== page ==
In order to better evaluate neurocognitive impairment, we need effective tools that are equipped to reduce medical errors. Specifically, the variation clinician scoring in screening test used for neurocognitive impairment inherently introduces significant observer and measurement biases. These screening tests include but not limited to the mini-mental status exam (MMSE), Montreal cognitive assessment (MoCA), Mini-cog, Ascertain Dementia-8 (AD8), and Informant Questionnaire on Cognitive Decline in the Elderly Screen (IQCODE). These flaws become apparent when different examiners could grade the same patient differently based on examiner’s subjective bias of what constitutes a certain response to a question, deviation from standard test administration protocol, patient-physician barriers including cultural and linguistic difficulties which are all accentuated when patients are possibly neurocognitively impaired. Furthermore, these tools fail to accommodate the exam to the patient’s vision, hearing, and manual dexterity.
Herein we present a possible solution or alleviation to the biases observed by standardizing these screening tests with a mobile app that can be used regardless of the language dialectics, dexterity problems, and vision and hearing impairments. Furthermore, the app will automatically score and interpret inputs to reduce observer and measurement bias. The app will be able to track inputs from a particular patient and create an algorithm-constructed baseline to highlight the minute changes in functional status that the patient undergoes overtime.
Focusing on the MoCA screening test, the software will allow modifiable add-ons to address specific concerns such as including the ability to zoom in and out of the interactive app if a patient has vision impairment. Patients with severe deforming arthritis who are unable to hold a pencil will be able to draw with their fingers or knuckles and thus be able to demonstrate their visuospatial capabilities with a new baseline incorporating their disability.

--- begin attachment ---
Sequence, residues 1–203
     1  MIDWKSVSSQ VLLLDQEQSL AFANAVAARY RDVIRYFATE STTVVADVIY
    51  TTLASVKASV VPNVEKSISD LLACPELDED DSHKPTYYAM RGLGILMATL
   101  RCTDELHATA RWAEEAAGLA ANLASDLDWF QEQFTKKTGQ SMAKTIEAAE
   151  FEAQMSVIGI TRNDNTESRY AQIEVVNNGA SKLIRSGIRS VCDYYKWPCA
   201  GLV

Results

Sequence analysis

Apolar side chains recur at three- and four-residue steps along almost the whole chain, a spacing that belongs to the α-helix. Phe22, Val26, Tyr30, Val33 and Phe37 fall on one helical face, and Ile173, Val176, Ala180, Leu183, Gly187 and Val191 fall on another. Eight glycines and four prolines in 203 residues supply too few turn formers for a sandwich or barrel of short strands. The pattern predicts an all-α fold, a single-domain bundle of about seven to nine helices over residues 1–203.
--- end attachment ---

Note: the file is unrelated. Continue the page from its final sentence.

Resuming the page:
To reduce variation in presentation of the interview questions, the app will have a virtual standardized examiner properly asking the questions in the form of re-playable video clips. These clips will be offered in multiple languages and designed to minimize miscommunications that are due to examiner’s accent, tone, and volume of their voice. Furthermore, it will reduce the examiner’s tendency to give cues consciously or subconsciously to a patient that is struggling to answer a question. This in a sense allows every patient to be examined by “one” virtual examiner, reducing the subjectivity of the examiner by allowing a patient to have clear lines of communication. Furthermore, it produces an adjustable volume, allowing the patient the ability to have headphones option for patients suffering from hearing impairment.
Answers will be scored against a database of evidence-based acceptable answers. Assessments from individual patients will be stored cloud-based database, allowing quick and efficient tracking of data, notification of changes in patient’s function, and response to treatments. Additionally, this database can be used in wide array of research including comparative studies to investigate the efficacy of treatments. This allows us to individualize the treatment based on what facets of the exams the patients have failed, hopefully, allowing the timely implementation to proper treatment and health service needs that would cut healthcare cost for excessive, unnecessary or late-intervention care. This app will facilitate accurate patient care, rapid evidence-based adjustments to the therapeutic approach, and systematic data gathering for large research studies. Lastly, this process reduces the overall time needed to administer and score these neurocognitive screening exams, reducing not only clinician burden but also saving healthcare dollars.
Proposal formulated in partnership with Eyuel S. Terefe.
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